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Thank you D'Elle.  Yes, all happy memories.  I have to say he was one of the happiest, bombastic dogs I've ever seen.  Brodie and Gidget are simply lost... without him, they don't know how to play. We're back to our silly pet tricks sessions every evening.  They like that.  They will be 14 in March (littermates to Robin).  I expect they will live another year at least.  Ladybug (the small girl on the right) was 17 and a half when she died. She told us it was time to let her go and we did. 

I was prepared for a slow winding down but not this sudden angry attack on his body.  He must have hid it for awhile...I noticed that he was having difficulty swallowing and was only eating wet food... I thought he had a problem with his teeth and then the vet found the enlarged lymph nodes that were pressing on his throat and esophagus making it difficult for him to swallow and to breathe.  Nothing could be done but palliative care.

I signed up for a pup from an expected breeding next spring.  Lots could go wrong and the breeding might not happen;  I might not connect with one of the pups (I get second pick) but it keeps me from going to the pound and scooping up a dog that will be totally unsuitable for me and it gives me time to come to terms with what I want -- and something to dream about.  The breeding is a working dog line but I'm kind of hoping there will be a tri-color (black/white with a bit of tan).  We'll see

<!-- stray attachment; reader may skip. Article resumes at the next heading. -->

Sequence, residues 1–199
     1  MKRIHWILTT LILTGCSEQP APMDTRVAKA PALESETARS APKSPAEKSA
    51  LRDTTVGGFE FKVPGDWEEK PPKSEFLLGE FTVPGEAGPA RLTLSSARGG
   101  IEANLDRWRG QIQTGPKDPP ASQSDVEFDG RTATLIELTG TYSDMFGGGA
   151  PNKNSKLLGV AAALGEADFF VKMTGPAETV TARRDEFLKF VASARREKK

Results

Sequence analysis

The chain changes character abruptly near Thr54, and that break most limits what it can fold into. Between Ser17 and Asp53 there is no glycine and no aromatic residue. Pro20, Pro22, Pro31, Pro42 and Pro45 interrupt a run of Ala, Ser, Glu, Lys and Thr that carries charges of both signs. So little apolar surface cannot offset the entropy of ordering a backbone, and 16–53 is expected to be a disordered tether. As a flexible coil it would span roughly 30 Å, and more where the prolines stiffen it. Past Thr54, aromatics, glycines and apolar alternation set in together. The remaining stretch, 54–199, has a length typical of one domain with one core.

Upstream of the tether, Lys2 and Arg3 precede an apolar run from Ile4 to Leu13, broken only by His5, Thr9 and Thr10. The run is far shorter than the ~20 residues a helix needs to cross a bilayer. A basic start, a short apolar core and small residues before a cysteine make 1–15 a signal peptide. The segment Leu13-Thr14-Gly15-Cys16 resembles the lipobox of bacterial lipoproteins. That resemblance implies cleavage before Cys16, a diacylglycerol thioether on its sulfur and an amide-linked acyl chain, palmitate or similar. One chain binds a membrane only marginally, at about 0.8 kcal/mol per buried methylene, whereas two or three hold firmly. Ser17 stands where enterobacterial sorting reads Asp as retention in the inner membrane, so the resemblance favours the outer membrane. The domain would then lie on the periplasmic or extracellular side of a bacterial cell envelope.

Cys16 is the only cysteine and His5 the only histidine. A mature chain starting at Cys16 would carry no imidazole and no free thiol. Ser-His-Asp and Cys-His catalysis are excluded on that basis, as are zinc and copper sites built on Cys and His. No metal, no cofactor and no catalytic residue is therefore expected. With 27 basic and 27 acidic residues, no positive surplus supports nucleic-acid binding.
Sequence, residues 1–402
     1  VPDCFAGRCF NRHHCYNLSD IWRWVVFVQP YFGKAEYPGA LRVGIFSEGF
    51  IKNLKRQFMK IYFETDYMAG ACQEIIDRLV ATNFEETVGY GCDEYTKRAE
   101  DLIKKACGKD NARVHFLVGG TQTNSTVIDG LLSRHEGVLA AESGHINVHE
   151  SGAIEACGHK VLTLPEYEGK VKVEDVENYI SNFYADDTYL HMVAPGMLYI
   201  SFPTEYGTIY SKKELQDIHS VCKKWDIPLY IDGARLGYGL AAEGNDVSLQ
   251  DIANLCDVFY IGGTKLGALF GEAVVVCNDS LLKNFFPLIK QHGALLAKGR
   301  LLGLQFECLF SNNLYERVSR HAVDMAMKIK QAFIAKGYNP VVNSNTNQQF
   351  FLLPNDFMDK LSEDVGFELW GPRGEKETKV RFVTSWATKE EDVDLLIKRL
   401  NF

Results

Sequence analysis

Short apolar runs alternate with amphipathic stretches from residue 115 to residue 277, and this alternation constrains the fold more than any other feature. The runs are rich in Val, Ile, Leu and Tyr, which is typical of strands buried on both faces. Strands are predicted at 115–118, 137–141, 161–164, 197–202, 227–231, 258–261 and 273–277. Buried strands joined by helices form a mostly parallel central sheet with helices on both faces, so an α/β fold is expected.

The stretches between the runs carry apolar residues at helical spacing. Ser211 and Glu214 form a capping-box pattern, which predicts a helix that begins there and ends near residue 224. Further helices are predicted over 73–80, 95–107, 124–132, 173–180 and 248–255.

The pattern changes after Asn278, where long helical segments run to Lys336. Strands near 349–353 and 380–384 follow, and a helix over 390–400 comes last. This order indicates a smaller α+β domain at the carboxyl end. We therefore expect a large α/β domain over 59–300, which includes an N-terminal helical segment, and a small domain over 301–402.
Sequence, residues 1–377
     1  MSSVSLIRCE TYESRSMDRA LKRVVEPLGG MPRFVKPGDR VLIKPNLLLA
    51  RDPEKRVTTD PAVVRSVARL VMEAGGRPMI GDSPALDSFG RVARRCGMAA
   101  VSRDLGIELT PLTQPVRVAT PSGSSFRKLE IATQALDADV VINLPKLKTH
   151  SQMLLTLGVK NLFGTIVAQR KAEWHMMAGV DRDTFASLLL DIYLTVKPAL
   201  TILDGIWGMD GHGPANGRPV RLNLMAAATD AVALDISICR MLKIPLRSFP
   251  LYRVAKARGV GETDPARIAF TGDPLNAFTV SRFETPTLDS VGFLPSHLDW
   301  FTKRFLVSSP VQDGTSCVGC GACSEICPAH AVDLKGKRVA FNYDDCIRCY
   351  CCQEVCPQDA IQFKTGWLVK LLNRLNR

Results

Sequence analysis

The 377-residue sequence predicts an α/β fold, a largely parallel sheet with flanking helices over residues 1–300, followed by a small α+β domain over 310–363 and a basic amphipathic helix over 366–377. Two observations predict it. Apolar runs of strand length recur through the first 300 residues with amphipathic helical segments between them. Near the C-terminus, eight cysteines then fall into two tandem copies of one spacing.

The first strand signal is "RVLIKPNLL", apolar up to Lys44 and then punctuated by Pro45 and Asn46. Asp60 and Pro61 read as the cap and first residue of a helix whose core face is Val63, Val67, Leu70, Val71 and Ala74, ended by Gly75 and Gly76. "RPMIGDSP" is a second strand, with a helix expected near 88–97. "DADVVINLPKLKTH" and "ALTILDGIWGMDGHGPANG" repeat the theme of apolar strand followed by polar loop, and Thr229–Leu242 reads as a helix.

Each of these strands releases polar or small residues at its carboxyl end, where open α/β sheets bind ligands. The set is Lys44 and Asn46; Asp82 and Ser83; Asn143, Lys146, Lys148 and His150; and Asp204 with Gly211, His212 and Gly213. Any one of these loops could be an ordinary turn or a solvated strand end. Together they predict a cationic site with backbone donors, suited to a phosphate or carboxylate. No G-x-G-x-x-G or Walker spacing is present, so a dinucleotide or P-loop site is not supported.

That is why I am interested in any research on lymphoma... certain lines etc. might influence my decision. 

Thank you again.

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  • 3 weeks later...

How are your dogs doing at this point? Has it gotten any better for them?

I understand the urge to just GoGetADog. I always try to overlap so that I don't ever find myself without a dog, because I wouldn't last a week without a dog in the house. And who knows where that might lead me.  Have you thought about fostering a dog....even if not a border collie....in the meantime just so you have one in the house and to work with and train and all that good stuff?

 I have been without a border collie for a while, and don't want to get a young BC while my small terrier is so elderly, but at some point I will be in that market again.  I wish you the best of luck in finding the puppy of your dreams, and soon. :-)

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Hello, thank you for asking.  They have adjusted.  We've been playing games to teach them how to work together and they seem a bit happier.

I went through a pretty bad time last week but I know its not the right time for a pup.   I've signed up for a pup out of a litter to be bred next spring.  I will hold out that long and then see what happens...

Hugs to you and your little terrier.